Re "Are Democrats Painted Into a Corner? Not Yet," Commentary, Nov. 19: Jonathan Chait's suggestion that the Democrats abandon supporting the National Endowment for the Arts to attract middle America's votes is uninformed and shortsighted. Surveys indicate that 79% of Americans favor governmental support for the arts.
The NEA has enriched culture locally and nationally, enriched arts education and materially enriched local communities. But perhaps its greatest effect has been organizational support to young and deserving arts companies. South Coast Repertory grew to national prominence in part from that support. What astonishes us is the cavalier position taken toward the NEA by Chait in his relentless pursuit of Bush voters. Let's see whom he's willing to throw over the side next week.
Producing artistic director
South Coast Repertory
I was halfway through Chait's piece before I realized this was not parody, but a serious, and seriously flawed, effort at political commentary. Chait, in his passion to be glib, implies that election victory in our democracy does not include the automatic imposition of a tyranny of the majority, whether or not that majority's policies are deemed backward, destructive and morally corrupt. If, as history never stops teaching us, the legacy of a nation can be gauged by how it prepares for the future, gets along with its neighbors, treats its least fortunate and encourages the cultural legacy it leaves in its wake, then the NEA is one of its most important and necessary creations. Hardly an extravagance, it is a luxury we can't afford to live without.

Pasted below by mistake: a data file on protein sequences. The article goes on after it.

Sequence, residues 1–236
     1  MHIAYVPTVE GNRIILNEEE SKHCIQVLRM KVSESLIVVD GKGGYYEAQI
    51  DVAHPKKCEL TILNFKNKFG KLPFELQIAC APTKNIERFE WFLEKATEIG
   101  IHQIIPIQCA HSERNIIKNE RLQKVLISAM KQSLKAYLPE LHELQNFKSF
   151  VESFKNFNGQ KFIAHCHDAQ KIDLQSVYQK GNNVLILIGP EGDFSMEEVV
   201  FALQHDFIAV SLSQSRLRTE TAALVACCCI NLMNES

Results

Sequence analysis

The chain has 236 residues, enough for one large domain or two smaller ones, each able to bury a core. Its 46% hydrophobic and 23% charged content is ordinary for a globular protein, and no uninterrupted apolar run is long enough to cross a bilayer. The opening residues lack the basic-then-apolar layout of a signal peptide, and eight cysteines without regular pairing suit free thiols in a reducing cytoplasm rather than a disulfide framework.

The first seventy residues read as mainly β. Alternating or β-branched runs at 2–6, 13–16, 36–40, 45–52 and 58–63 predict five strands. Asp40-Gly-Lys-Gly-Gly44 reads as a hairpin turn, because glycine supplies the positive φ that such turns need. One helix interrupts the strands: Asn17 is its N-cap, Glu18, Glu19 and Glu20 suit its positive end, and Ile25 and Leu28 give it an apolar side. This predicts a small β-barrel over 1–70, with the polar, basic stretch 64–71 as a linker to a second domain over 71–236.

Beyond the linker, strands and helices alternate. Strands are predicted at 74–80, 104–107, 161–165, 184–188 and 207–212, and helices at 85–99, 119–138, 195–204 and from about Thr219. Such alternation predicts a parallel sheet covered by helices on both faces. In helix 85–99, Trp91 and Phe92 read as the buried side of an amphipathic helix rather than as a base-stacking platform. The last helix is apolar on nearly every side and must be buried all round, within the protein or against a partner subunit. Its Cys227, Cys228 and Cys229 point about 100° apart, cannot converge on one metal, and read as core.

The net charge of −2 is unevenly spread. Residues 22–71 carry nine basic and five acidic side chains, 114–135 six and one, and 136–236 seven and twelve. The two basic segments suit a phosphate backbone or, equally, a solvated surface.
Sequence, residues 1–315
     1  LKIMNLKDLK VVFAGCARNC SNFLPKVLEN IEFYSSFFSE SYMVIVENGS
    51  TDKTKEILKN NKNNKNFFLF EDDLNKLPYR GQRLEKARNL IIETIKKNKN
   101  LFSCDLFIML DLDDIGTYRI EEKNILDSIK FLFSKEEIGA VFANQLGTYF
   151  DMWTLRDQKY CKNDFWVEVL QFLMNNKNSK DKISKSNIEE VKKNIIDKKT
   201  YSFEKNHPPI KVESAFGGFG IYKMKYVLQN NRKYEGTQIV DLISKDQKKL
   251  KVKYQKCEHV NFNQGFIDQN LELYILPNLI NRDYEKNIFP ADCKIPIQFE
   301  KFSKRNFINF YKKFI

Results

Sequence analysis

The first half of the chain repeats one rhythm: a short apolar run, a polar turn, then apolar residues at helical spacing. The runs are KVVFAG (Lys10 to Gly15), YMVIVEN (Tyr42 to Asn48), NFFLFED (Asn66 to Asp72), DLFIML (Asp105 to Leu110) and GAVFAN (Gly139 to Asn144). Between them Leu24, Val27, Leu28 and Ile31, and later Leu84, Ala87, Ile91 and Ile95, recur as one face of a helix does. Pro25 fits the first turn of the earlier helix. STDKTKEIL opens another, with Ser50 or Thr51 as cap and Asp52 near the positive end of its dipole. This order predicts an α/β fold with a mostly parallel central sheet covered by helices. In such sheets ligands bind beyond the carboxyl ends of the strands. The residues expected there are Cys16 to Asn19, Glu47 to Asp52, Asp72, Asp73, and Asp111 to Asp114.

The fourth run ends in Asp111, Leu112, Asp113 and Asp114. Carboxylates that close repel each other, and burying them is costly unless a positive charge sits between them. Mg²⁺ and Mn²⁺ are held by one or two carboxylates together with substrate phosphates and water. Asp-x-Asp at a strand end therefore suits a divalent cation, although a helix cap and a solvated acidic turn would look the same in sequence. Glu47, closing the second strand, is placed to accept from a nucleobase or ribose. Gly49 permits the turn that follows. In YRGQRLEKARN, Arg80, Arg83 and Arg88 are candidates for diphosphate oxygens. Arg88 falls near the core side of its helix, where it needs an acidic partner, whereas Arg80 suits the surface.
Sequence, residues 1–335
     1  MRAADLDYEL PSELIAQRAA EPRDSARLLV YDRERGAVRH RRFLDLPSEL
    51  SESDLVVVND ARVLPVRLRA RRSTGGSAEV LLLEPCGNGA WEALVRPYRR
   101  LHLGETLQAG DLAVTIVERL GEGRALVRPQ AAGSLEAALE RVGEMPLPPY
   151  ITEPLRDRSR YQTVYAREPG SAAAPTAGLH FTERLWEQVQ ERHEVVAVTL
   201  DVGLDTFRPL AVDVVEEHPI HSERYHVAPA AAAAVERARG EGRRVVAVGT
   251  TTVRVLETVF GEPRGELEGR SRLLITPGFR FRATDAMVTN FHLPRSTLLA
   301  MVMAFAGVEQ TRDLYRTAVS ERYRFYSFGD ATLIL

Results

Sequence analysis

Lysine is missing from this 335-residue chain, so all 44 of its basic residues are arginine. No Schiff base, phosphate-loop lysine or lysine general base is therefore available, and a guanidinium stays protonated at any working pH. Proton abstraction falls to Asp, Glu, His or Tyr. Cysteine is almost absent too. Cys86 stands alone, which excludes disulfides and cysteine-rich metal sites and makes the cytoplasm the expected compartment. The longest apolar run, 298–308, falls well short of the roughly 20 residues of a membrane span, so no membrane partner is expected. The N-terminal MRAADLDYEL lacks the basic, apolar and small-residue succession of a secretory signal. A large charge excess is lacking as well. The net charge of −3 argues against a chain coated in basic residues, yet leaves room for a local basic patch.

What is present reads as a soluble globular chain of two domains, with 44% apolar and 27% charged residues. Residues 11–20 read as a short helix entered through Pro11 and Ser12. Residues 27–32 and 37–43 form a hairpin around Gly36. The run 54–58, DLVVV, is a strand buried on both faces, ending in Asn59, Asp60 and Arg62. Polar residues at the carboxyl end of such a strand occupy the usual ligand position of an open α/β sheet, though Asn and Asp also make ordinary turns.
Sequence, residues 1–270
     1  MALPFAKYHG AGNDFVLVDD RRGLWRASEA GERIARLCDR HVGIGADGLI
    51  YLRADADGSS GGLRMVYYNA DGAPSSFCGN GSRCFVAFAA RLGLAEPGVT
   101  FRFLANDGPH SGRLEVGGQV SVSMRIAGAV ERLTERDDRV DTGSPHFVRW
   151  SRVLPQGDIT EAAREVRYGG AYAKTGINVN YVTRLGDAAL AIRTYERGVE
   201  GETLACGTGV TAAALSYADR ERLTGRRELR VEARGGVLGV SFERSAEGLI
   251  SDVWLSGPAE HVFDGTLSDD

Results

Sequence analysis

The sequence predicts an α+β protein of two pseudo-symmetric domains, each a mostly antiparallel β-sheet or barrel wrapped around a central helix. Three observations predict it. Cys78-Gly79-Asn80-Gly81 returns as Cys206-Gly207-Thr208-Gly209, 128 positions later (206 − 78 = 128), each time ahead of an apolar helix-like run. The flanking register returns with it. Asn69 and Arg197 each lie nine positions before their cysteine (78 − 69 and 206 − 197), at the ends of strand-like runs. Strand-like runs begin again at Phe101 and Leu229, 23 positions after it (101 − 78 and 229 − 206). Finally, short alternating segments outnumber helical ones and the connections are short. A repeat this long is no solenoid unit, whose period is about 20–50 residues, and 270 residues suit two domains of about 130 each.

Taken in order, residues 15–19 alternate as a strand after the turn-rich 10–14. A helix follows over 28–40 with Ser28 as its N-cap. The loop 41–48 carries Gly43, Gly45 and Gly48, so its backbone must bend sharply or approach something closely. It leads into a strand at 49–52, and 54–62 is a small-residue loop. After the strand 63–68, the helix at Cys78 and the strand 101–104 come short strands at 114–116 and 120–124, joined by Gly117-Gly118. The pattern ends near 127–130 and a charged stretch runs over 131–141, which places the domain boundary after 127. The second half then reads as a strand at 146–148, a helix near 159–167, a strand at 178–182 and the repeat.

John Kander II
As a "late entry" in the suggestion box of programs and principles that the Democrats might consider throwing out as so much liberal baggage, Chait nominates the NEA. "Let's face it," he writes, "the NEA is in large part a way of forcing the NASCAR set to subsidize the art house set." Good point. Allow me to propose an even later nominee for zeroing out: the Library of Congress. Here's a blatant instance of the NASCAR set being made to subsidize the book-reading set. Books are even more elitist than art. Didn't our president, in establishing his "regular guy" bona fides, once boast/confess that during his four years at Yale he'd read only one book? If the liberals are so addicted to reading books, let them buy them for themselves and spare the rest of us their perpetual bleating about the so-called decline of literacy.